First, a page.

3. Carl says:

    With the exception of Ohio, I’ve been to all of these towns and I think they are all great choices. While we’d all like to live in a blue state, it’s not possible or practical for all of us to pick up and move to a coast due to family, finances, etc. Granted, if you are already living in a progressive state, you probably won’t be interested, but everyone is already aware of the obvious locations, so kudos for writing a piece on some of the more obscure locations with potential,

    • Dave Hughes says:

      Thanks for your comment, Carl.

      Nationwide marriage equality has eliminated some of the discrepancies between states, but some differences remain.

      But I think our approach should be to continue to work on gaining equality and acceptance in those places that are still somewhat behind, rather than just clustering in those places that are already LGBT-friendly. I hope to see the day when we can feel safe and welcome wherever we want to live. Until then, we’ll never be entirely free.

  4. Wm DeyErmand says:

    I am surprised you didn’t pick cities from Oregon, South Carolina or Pennsylvania Dave. I believe all states irregardless of the laws have their “hollers” where it isn’t LGBT-friendly.

    • Dave Hughes says:

      I really wanted to include New Hope, PA, but real estate there is pretty expensive. I did get a couple suggestions from Oregon that I may include if I ever venture into this controversial water again.

  5. About Creativity says:

    Also, I have been to Bisbee, Az – very special place on the planet. The soil there is amazing. The area reminds me of the western days if you will…I might wear my cowboy hat.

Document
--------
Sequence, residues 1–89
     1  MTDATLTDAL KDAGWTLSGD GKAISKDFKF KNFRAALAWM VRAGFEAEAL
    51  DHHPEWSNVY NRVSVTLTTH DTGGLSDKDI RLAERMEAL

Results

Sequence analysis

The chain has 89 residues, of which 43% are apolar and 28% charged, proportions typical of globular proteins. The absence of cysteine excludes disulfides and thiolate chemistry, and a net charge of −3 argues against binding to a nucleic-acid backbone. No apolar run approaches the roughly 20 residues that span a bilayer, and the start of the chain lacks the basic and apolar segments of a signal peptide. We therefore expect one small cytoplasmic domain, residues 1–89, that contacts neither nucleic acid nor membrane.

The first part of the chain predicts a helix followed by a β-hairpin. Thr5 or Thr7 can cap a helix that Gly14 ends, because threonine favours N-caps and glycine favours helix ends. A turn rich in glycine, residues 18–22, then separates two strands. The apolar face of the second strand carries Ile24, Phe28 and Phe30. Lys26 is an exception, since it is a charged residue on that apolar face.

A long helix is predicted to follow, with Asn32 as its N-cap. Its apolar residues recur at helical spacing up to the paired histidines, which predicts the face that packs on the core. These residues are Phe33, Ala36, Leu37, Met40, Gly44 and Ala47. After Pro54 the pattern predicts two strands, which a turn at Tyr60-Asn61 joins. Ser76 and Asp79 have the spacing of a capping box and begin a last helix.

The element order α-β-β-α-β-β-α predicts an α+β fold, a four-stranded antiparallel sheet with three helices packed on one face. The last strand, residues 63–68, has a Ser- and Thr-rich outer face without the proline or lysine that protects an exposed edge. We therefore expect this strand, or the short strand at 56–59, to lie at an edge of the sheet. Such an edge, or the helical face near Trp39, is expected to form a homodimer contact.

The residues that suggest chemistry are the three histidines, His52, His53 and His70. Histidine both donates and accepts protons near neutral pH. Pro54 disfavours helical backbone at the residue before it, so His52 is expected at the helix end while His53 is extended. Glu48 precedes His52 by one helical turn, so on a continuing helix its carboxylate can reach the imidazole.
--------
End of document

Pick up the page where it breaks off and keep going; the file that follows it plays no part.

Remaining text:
6. About Creativity says:

    Very good and thank you for the insight of options.

  7. Mark J says:

    Arkansas? Arizona? Utah? Really? These towns may be “LGBT-Friendly” but those states certainly are not. Not LGBT-friendly in the extreme. Thanks, but I’ll look elsewhere.

    • Dave Hughes says:

      I live in Arizona (Phoenix suburbs), and many parts of the state are quite LGBT-friendly – most parts of Phoenix, Tucson, Flagstaff, Sedona, Jerome, and of course Bisbee. It’s one of the least red of the red states.

      The reason I chose these and excluded many of the better-known LGBT-friendly small towns such as Provincetown, New Hope, Key West, Rehoboth Beach, and anywhere in California is that the real estate is expensive and, in some cases, they are in high-tax states.

      No place is perfect.

    • Randy says:

      Exactly. If you are LGBT you are not going to want to live in a state that has laws that are not supportive of you or your relationship. This article is crap.

    • Anonymous says:

      I lived in Oregon for a few years and Yachats is a known gay town, very welcoming, on the coast and it’s gorgeous! I am not LGBT but I have a child who is. I currently live in Utah and it’s mostly Mormon population are very judgmental and unaccepting. I don’t care where you are in Utah, it’s not a place for any LGBT. Contrary to what the claims are about the church/members being kind, loving, merciful and Christ like, that’s far from what the LGBT will encounter.

      • Dave Hughes says:

        I had not heard of Yachats until now. I’ll check it out!


      • Jackie says:

        I’m sorry you are feeling so unwelcome here. We have a large gay population. It’s a great place to live, if you can accept there is no separation between State and church. Honestly, the only Mormons I am friends with are Jack Mormons. (Non practising).
        Maybe because I mostly hang out with other gay people, my experience has been different.
        Have you checked out the gay center? I understand the proud parents of gay kids is pretty big.
        I am on here looking for a small gay friendly town, with a milder climate. Definitely can’t afford CA. If I do find a place, I will really miss my life here. My friends, my support. I just hate the hot summer’s. Can live with the snow. Just want somewhere more even keel☺
        I hope you find friends here you can enjoy. Plenty of Jack Momons hereThis place has changed so much since i came here 20 years ago. Always had a great gay community though. Everyone is welcome at the gay center. It’s on State st. Sorry can’t remember the address. Good luck